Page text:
LONE JACK, Missouri. Jim Ray Pfeiffer is, in his own words, a political Lazarus. “Four years ago I was given up for dead,” says the perennial Republican candidate of his prospects in this bellwether state, with approximately equal numbers of registered voters from the two major political parties. “I’m looking forward to quitting my job and entering public service in November,” he says with a gleam in his eye.
“We’ll probably cancel each other out, but voting is a civic duty.”
Pfeiffer is positioned to ride a political wave of tsunami-like proportions, as approval ratings of Democratic dog catchers nationwide are at an all-time low. “I think the problem is Obama,” says Todd Wormke of the Canine Caucus, a consulting firm that advises liberal dog-catcher candidates. “His pick for First Dog was a neutered male Portugese water dog. Having your nuts cut off doesn’t exactly resonate with red state dog owners, and there aren’t enough Portugese voters in the heartlands to finish a chourico,” the spicy Portugese sausage.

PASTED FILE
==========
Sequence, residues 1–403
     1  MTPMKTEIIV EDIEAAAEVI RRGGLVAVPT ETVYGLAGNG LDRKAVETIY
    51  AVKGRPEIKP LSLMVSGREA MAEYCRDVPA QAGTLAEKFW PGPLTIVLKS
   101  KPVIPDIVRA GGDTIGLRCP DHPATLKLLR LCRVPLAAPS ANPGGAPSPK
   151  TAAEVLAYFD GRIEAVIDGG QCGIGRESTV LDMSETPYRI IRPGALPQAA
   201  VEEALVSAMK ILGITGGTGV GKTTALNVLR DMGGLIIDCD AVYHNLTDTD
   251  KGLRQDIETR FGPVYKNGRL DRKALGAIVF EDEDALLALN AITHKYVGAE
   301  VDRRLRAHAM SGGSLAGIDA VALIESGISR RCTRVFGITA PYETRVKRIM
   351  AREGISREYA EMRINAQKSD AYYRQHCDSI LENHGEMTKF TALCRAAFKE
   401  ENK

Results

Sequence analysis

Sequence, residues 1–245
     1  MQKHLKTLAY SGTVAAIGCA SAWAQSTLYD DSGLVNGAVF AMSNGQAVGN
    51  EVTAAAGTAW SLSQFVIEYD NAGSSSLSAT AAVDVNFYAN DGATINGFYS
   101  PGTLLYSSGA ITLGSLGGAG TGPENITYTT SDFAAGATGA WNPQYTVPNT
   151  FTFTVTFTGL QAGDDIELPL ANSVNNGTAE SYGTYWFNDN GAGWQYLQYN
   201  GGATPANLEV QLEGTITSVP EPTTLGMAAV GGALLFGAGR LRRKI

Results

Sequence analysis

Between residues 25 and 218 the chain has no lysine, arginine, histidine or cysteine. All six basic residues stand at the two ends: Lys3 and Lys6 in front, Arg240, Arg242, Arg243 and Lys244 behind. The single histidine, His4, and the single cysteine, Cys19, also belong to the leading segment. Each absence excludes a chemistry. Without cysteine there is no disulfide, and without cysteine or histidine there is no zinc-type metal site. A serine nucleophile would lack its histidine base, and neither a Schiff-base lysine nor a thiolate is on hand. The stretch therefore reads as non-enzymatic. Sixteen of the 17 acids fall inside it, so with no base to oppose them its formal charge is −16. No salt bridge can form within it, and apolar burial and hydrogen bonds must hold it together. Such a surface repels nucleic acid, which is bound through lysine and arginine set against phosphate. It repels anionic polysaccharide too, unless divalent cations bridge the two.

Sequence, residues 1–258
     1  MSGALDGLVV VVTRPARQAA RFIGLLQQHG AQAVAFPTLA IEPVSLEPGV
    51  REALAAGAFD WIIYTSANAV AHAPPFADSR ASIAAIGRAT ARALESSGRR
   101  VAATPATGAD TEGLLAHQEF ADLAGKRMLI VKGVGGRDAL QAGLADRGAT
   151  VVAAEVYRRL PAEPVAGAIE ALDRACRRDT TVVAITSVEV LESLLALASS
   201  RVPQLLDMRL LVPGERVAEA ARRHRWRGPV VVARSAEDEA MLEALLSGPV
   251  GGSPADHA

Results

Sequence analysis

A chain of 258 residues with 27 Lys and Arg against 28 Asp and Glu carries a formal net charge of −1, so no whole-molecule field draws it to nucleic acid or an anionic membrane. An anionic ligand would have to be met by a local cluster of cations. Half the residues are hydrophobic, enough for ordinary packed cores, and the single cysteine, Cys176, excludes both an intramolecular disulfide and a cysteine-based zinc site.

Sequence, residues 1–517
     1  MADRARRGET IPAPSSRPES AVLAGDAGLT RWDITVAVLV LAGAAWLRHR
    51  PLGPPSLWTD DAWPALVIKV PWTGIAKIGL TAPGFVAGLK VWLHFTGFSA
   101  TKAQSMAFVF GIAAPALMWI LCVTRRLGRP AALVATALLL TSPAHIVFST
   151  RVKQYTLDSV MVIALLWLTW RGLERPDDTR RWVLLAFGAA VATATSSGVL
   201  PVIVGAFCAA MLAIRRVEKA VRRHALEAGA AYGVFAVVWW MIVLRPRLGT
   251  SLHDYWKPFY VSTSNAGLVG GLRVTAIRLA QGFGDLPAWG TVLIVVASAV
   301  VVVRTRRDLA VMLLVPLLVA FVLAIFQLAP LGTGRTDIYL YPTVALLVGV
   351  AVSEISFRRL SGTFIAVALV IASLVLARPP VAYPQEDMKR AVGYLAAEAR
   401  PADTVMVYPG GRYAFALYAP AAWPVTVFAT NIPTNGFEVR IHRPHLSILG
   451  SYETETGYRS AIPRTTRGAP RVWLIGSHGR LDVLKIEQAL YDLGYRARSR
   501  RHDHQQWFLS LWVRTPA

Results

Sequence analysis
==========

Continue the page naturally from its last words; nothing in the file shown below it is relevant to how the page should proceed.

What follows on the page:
Ten critical dog catcher races to watch on election night.
Analysts will watch the race here closely because Central Missouri is viewed as the dog capital of America. “Our most famous residents are dogs,” says Arnold Dundee, a Professor of Midwestern History at Chillicothe State College. “There’s Old Drum, who inspired the phrase ‘A dog is man’s best friend,’ and Jim the Wonder Dog,” a Llewellin setter who could correctly predict the sex of unborn babies and World Series winners. Jim retired after amassing a fortune in the soybean futures market.
Jim the Wonder Dog Memorial, Marshall, MO
The nation’s only magazine devoted exclusively to coon and tree hound hunting, “Full Cry,” was for many years published in Sedalia, Missouri. “Humans are so proud of their dogs’ accomplishments around here that they often neglect to accomplish anything themselves,” notes Dundee.
Full Cry Magazine
The office of dog catcher has historically been viewed with contempt by politicians, and used to demean an opponent’s chances as in the oft-repeated insult that a certain candidate “couldn’t get elected dog catcher.” Under federal pets’ rights legislation, however, dog catchers will preside over the re-drawing of legislative districts based on the 2010 Census, which included a question as to the number and type of pets in American households for the first time.
“In some urban districts like D.C. dogs outnumber toddlers,” says Dundee. “They could swing an election if you could get them to stop sniffing each other and vote.”